Atrial flutter is a common rhythm disturbance where the top chambers (atria) beat at about 300 beats per minute. This rate is too fast for them to effectively help fill the left ventricle, which pumps the blood to the body. Therefore, the efficiency of the heart pumping blood is diminished.
Fortunately, not all of the 300 beats per minute in the atria pass down the normal pathway (the AV node) to the left ventricle, or the pulse would also be at 300 and a cardiac arrest could occur. Usually, the AV node filters out every other beat, which makes the pulse 150 beats per minute or so. If the AV node filters more beats, the heart rate could be as low as 100, 75 or 60 or even slower.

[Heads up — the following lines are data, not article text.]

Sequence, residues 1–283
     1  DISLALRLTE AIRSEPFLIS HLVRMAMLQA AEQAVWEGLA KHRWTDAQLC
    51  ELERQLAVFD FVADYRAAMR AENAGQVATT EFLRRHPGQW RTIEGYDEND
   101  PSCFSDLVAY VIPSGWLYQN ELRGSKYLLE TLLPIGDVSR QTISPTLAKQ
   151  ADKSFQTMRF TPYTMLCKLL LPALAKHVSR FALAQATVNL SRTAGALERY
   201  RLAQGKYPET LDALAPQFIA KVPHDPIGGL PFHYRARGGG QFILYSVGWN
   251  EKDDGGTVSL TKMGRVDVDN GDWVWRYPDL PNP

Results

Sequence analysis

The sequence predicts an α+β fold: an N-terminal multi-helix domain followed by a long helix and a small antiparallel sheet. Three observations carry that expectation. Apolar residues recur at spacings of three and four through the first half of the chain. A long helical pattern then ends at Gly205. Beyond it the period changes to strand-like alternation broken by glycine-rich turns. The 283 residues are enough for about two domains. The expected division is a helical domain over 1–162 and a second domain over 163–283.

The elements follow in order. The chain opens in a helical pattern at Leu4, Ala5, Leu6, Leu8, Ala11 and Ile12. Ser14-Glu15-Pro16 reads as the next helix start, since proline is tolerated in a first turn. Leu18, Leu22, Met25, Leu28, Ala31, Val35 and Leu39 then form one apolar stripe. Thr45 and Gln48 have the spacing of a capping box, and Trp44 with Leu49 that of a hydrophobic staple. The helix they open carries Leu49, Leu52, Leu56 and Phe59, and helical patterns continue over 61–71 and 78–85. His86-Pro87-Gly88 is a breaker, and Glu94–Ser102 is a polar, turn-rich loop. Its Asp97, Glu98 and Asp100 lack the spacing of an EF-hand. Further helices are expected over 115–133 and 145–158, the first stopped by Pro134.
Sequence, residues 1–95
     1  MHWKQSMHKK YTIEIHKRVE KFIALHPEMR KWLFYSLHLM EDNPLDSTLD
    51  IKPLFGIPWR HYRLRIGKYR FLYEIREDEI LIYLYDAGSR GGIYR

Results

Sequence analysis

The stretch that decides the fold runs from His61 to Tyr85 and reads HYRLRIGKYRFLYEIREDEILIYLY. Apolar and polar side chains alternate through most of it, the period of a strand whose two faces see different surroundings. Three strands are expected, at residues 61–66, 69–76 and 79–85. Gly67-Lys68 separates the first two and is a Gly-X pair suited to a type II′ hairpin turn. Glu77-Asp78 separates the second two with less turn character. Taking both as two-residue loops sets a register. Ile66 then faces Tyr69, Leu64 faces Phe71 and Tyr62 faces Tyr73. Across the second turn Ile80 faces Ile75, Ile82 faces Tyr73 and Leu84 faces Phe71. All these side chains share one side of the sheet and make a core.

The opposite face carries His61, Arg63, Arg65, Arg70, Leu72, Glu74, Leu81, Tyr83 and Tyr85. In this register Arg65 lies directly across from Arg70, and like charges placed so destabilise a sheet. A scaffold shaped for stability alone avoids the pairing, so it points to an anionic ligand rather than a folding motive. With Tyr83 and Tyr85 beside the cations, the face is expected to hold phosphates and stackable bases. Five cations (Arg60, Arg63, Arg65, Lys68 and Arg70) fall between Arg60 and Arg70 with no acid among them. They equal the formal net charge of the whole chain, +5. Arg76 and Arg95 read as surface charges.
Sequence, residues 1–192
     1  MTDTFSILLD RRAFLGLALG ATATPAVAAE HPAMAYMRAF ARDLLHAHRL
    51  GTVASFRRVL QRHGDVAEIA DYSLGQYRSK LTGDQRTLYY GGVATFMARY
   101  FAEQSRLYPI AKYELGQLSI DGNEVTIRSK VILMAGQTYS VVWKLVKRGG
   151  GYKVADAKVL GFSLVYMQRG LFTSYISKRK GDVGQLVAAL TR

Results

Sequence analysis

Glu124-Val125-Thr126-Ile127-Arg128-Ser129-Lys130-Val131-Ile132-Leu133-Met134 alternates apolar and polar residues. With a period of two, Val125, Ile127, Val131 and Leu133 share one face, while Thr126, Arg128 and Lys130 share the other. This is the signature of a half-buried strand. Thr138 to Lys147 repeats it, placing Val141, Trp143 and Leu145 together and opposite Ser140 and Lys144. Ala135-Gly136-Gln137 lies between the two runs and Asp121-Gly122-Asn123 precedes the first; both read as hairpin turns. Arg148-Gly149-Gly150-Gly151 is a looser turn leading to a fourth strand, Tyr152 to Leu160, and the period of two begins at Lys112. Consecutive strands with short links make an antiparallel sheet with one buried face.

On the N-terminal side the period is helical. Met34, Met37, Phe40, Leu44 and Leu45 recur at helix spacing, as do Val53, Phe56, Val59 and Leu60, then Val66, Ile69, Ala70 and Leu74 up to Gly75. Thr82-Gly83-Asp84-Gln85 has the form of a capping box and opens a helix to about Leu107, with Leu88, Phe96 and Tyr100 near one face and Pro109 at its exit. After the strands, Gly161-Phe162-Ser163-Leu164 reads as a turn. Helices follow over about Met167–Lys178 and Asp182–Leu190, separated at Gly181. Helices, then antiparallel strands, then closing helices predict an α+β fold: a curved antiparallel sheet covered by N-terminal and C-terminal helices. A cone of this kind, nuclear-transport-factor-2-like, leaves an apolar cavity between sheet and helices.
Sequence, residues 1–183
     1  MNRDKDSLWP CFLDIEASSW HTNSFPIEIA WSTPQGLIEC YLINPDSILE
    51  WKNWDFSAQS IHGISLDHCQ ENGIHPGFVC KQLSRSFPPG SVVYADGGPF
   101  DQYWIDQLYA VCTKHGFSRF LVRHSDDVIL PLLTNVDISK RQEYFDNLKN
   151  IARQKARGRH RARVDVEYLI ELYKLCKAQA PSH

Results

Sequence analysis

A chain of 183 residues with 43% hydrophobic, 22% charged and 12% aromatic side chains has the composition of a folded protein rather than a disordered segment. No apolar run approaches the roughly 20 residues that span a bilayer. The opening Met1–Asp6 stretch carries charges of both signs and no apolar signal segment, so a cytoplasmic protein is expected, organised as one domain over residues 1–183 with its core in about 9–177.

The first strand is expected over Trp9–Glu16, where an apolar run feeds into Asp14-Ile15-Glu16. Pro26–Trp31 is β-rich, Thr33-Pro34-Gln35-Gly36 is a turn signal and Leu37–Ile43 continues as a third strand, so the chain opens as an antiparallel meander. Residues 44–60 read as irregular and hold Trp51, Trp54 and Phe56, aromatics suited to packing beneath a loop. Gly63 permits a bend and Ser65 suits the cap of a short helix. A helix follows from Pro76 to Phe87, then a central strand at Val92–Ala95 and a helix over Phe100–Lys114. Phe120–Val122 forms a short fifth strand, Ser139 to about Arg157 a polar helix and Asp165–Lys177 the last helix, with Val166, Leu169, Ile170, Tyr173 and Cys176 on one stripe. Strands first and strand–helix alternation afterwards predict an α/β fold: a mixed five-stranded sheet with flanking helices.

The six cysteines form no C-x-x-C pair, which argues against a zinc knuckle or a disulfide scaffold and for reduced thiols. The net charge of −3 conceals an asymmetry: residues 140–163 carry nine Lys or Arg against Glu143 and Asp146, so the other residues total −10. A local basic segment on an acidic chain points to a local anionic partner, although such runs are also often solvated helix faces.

Most atrial flutter arises in the right atrium. The heartbeat races in a circle around the tricuspid valve between it and a ridge called the crista terminalis. It can race counter-clockwise or more rarely clockwise. This is called “typical” atrial flutter. More rarely, atrial flutter may involve a more complicated circuit in people that have had open-heart surgery or other ablation procedures that produced scarring in the heart.
Some patients with atrial flutter are at increased risk of a stroke, so it is important to recognize atrial flutter and decide on treatment. Other people with atrial flutter that goes untreated may develop congestive heart failure, a serious weakness of the left ventricle.